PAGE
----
Forest cottage celebrates wood Through the Keyhole

Forest Cottage Celebrates Wood!

Sharon Chilcott

Sharon Chilcott

Sharon Chilcott visits a traditional Forest of Dean cottage where the owners have put down
strong roots and trees and timber have had a strong influence. 

Roger and Carol Southee

The symmetrical, stone built façade of New House, with its brightly-painted red door, is comfortingly welcoming – just like the cosy interior, where wooden floors, doors and panelling contribute to its warmth and traditional styling. 

One of the older properties on Woolaston Common, near Lydney, it was built in 1876 as two, adjoined, two-up, two-down houses. Yet today, with the addition of a 1960s kitchen extension, it provides such charming, well laid-out three-bedroom accommodation that it is hard to imagine it otherwise. You certainly can’t see the join! 

Roger Southee, who has lived at New House for the past 27 years explains: “The man who built the house was initially hoping to get permission for a pub, but there were already about six pubs in the village! So, because of the property market at the time, he decided to divide it into two houses. If you look closely you can see where there was another front door.” 

Roger and his wife, Carol, took on the cottage in 1992, when the now neat grounds were full of brambles and thistles and the property itself was in dire need of ‘TLC’. Already living nearby, they had decided they needed more room for their three young boys, so they arranged a part-exchange with the owner. She moved to their small, modern estate house with its small, easily-tended garden whilst they took on a renovation project set in an overgrown, 2.15-acre plot, complete with tumble-down sheds. 

It had to be done – the couple had moved to Woolaston Common nine years earlier and were so impressed with the local school and village life that they weren’t about to move away. And even now, having put New House back on the market, they’re intent on finding somewhere else as close as possible. Roger says: “It seems once you move here you never leave! When we came in 1983, we ended up in a chain in which everyone was moving within the village!”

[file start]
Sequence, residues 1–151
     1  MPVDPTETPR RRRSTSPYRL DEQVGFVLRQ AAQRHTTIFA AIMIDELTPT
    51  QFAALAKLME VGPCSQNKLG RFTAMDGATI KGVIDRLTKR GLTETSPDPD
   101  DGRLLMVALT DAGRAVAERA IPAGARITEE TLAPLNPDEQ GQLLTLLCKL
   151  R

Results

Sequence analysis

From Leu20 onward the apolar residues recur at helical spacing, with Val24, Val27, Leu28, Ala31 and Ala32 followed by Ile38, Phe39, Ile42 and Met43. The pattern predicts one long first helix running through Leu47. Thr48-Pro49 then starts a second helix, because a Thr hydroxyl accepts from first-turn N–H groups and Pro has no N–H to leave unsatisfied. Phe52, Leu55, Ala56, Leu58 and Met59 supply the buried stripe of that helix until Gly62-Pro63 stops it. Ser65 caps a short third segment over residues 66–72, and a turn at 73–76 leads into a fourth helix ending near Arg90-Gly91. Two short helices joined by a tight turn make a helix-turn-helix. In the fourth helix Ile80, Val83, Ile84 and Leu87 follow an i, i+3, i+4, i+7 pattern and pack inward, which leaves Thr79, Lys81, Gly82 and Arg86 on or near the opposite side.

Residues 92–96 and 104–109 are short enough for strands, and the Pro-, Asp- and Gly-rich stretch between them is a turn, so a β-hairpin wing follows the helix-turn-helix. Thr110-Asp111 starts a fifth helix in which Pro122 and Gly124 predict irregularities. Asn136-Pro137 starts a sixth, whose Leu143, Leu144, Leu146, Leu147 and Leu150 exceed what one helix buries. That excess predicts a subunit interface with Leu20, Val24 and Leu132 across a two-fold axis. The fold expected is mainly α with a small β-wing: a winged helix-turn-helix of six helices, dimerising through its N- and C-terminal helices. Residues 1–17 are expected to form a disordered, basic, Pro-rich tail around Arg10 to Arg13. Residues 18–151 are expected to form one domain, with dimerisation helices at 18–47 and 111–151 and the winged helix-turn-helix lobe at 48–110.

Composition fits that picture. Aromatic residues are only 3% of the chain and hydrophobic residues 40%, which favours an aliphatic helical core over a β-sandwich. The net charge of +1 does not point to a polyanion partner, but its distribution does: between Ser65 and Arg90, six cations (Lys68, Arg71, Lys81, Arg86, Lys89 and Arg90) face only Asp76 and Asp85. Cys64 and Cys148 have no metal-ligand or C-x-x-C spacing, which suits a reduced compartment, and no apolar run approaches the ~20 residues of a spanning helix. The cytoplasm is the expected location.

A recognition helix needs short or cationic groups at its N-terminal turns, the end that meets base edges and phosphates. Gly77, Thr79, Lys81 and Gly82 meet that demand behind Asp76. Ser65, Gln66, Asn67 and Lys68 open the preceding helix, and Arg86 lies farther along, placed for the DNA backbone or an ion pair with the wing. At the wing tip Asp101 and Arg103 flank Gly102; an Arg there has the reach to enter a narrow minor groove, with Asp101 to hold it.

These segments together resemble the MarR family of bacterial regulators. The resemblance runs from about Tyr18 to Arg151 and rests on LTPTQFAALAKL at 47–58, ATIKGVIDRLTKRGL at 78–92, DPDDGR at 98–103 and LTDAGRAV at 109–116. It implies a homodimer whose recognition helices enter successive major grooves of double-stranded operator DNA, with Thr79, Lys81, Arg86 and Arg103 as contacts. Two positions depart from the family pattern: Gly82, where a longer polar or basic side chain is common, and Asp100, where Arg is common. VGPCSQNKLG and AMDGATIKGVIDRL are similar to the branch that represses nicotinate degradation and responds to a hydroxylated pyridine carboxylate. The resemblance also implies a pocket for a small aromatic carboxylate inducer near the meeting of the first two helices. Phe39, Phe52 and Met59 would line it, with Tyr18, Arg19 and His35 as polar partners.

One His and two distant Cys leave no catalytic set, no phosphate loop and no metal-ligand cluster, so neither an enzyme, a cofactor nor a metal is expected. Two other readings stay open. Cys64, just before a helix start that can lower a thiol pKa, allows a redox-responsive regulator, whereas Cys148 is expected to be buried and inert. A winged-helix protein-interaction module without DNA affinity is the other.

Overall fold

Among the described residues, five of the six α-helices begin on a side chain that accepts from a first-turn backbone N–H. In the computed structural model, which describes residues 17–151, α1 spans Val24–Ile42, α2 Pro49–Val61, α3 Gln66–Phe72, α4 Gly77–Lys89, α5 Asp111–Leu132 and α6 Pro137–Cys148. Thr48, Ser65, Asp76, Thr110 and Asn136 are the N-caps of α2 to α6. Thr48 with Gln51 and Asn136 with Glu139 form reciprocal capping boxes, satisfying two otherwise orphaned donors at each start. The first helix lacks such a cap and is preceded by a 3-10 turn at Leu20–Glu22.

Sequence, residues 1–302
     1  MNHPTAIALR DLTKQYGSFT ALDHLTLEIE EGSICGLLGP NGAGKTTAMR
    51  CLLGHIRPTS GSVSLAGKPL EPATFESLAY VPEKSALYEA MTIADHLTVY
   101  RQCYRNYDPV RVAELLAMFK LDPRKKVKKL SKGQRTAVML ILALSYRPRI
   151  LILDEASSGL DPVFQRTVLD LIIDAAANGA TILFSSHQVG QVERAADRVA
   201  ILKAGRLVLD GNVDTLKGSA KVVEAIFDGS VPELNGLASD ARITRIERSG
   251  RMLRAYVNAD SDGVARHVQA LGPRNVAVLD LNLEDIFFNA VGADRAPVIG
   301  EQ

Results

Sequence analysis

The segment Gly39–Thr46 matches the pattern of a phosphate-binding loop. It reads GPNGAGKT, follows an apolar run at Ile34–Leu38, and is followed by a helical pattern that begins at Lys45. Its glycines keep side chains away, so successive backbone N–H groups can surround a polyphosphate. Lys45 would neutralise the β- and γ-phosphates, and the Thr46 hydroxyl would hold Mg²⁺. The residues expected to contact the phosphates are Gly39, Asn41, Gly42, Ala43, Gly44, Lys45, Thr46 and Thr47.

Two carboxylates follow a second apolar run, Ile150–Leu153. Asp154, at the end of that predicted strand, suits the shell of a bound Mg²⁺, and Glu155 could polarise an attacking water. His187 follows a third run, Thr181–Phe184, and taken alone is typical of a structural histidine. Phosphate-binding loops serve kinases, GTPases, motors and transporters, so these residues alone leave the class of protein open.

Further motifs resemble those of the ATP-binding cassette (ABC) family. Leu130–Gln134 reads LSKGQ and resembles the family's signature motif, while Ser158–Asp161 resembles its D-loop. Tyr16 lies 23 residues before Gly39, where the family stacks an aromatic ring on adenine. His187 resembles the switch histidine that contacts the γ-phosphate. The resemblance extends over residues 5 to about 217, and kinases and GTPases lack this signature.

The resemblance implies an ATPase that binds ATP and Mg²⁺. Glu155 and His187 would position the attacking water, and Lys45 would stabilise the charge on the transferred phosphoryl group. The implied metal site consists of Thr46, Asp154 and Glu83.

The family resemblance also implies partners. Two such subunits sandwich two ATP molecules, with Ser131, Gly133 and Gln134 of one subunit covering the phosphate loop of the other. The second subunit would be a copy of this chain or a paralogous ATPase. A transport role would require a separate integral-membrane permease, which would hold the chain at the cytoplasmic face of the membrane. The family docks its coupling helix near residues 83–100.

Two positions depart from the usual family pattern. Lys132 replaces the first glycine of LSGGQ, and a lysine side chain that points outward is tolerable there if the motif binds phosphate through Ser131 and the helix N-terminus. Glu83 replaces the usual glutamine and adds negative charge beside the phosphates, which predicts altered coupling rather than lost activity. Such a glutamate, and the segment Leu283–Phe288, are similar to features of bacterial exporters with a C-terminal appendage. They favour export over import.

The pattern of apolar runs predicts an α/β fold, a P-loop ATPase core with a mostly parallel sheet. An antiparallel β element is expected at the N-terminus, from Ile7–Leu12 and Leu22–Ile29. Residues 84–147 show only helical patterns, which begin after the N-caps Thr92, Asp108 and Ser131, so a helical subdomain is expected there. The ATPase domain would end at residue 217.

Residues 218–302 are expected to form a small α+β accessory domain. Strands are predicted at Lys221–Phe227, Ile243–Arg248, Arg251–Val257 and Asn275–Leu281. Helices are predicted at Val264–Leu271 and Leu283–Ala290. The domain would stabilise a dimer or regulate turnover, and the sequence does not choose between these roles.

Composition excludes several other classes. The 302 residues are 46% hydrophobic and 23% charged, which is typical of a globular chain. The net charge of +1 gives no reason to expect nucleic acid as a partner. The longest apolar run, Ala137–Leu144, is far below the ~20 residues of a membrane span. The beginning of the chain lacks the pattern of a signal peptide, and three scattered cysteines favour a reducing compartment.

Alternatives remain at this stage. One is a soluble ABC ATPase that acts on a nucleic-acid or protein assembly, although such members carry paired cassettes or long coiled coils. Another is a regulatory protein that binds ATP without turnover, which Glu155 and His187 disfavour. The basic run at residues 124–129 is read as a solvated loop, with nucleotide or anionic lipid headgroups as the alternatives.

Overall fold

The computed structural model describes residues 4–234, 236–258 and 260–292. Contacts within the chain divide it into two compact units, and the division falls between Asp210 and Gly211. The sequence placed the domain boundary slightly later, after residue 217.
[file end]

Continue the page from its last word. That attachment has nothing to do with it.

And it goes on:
Whilst the move just up the road to New House was initially Carol’s idea, she admits now that she did not realise how much work they would be taking on – renewing floors, replacing doors and windows, repairing the chimneys, repointing the stonework, installing radiators and upgrading the kitchen. And that was just inside. “Outside, there was no garden, there were no trees, just brambles right up to the side of the house and piles of rubbish and thistles everywhere,” says Roger. 

Within three years or so their hard work had already made the house much more “liveable” and since then, Roger and Carol have continued making improvements, most recently upgrading the family bathroom and putting in an en-suite for the master bedroom. The result of their hard work and care is a beautifully presented cottage, full of character and personal touches and with a really homely feel. There are two reception rooms at the front of the house, each with a feature fireplace; a large dining room; a fitted kitchen and utility/boot room and downstairs cloakroom. Upstairs there are three double bedrooms, the master with an en-suite. There is also a contemporary family bathroom. 

Outside, the couple cleared the brambles, knocked down old sheds and pig pens, dug up the concrete and managed to tame the grass to make lawns. They made a formal garden to the front of the house and planted the grounds with specimen trees, including magnolia and red beech, which are all now well-established. A lovely garden to relax in, this is also a productive one – there’s a kitchen garden to the side of the house, with raised vegetable beds; an orchard planted with apple, pear and other fruit trees and growing up the front of the house is a thriving grape vine.